Google + Moto = Happy Lawyers, Puzzled Partners, Users On Hold

By Eric Lundquist  |  Posted 2011-08-15

Image representing Google as depicted in Crunc...

Image via CrunchBase

Motorola is a name long associated with mobile communications. Those Walkie-Talkies in World War II? That would be Moto. Car radios, moon missions and in 1983 the first commercial portable phone, all Moto. And now in the biggest innovation of all, Moto gets acquired by Google which makes its money attaching ads to web searches. Google spent $12.5 Billion (pending regulatory approval) for Motorola In January 2011, Motorola essentially split into two companies Motorola Mobility and Motorola Solutions. 

Here are five reasons why the acquisition makes great sense and five reasons it is not so great. I'll say in advance, it is a very good deal for both Google and Moto.

1. That 80-year-history of Motorola in wireless provides an unmatched patent portfolio. Despite all the major vendors championing innovation, patents have become the major high tech growth industry. Google needed to shore up its patent ammo supply in the face of Apple and Microsoft.

2. Idle cash is a dumb investment strategy. Google (and most of the high tech vendors) have been sitting on a mountain of cash. Burying your cash in the backyard doesn't make sense for individuals or companies.

3. An integrated offering is the new mobile nirvana. Apple controls the software and hardware for its phones. Android from Google is popular but splintered. Google can now set a hardware/software agenda.

4. Google is still working at making an ad sponsored software model for mobility. Moto can provide a platform for sponsorship.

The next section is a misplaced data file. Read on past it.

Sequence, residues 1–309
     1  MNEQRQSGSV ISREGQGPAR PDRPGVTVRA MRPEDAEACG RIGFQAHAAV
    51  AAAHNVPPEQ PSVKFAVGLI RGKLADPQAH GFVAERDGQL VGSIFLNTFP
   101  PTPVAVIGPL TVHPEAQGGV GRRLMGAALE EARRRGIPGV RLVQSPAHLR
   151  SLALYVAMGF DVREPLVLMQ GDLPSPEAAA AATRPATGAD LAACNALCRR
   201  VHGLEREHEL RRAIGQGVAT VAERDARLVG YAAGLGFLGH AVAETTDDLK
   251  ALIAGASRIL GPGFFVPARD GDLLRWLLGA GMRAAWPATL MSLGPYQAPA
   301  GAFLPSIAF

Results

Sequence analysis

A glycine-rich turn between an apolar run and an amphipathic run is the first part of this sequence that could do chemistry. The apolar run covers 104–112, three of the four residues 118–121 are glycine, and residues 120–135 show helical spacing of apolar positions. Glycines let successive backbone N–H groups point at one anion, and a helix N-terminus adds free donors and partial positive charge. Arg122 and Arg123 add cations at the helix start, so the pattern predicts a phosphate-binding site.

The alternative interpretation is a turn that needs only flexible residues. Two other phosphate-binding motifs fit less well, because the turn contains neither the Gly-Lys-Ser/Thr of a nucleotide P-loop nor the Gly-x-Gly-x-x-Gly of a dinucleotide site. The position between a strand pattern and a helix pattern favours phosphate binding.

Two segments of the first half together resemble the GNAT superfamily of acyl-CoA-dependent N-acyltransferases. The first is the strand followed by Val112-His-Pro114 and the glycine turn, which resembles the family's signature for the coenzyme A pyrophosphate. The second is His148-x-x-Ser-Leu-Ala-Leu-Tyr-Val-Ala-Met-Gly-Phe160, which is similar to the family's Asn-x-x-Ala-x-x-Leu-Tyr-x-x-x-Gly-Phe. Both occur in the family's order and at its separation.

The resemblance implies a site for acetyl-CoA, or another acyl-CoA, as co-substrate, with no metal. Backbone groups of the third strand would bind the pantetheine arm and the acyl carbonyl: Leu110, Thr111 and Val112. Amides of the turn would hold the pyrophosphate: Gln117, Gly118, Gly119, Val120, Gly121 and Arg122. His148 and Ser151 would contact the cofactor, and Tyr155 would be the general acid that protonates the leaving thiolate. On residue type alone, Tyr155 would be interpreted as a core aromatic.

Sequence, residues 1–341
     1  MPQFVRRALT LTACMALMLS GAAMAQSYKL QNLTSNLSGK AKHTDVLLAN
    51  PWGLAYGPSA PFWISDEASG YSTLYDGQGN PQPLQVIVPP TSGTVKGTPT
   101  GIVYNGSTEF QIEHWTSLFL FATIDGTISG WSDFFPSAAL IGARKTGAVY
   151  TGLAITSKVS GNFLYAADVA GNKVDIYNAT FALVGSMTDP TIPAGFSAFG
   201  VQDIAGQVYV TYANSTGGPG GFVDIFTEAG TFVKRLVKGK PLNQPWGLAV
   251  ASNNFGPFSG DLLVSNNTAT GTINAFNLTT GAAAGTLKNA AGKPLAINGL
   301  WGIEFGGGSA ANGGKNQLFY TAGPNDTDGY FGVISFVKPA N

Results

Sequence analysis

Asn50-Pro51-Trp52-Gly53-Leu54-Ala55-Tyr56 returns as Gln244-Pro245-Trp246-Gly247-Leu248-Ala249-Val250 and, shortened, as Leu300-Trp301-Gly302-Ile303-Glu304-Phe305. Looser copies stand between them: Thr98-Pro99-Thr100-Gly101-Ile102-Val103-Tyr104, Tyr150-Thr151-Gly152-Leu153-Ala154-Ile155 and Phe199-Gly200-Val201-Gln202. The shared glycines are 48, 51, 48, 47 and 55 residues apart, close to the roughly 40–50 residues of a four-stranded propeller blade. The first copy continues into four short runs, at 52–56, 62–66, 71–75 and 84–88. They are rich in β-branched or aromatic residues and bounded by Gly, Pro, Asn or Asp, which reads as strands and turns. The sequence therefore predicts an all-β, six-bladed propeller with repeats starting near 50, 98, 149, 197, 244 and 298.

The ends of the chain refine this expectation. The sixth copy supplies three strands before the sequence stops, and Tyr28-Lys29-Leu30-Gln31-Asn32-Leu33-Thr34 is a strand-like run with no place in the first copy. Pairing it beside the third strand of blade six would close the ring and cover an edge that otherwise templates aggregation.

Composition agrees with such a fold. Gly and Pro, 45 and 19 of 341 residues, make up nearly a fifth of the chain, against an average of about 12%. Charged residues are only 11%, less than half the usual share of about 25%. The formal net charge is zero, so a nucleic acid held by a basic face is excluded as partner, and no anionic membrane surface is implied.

5. It is all about video. If Google wants to establish YouTube as the go-to mobile video solution, it needs to offer an integrated platform.

Five reasons that the deal is not so good

1. You buy a hardware maker, you piss off your other hardware partners unless you start carving our territories and markets which gets you into regulatory problems.

2. Microsoft needs a boost before falling into mobile obscurity. Now Microsoft can try to woo the Android hardware makers.

3. Software companies usually do a lousy job at bringing hardware companies into the fold.

4. Motorola Mobility has a culture very different than Google.

5. The acquisition leads to confusion about the Google partners while Apple continues on its merry way.

So, the patent lawyers are happy as patent challenges means continued legal fees. The partners are confused and need to be comforted. 

And of course, users still want a mobile phone that works as both a strong signal phone and flexible mobile application platform. And those users would like a phone that does not cost too much initially or carry some onerous contract. If Google can get the users happy, then it is $12.5 billion well spent.

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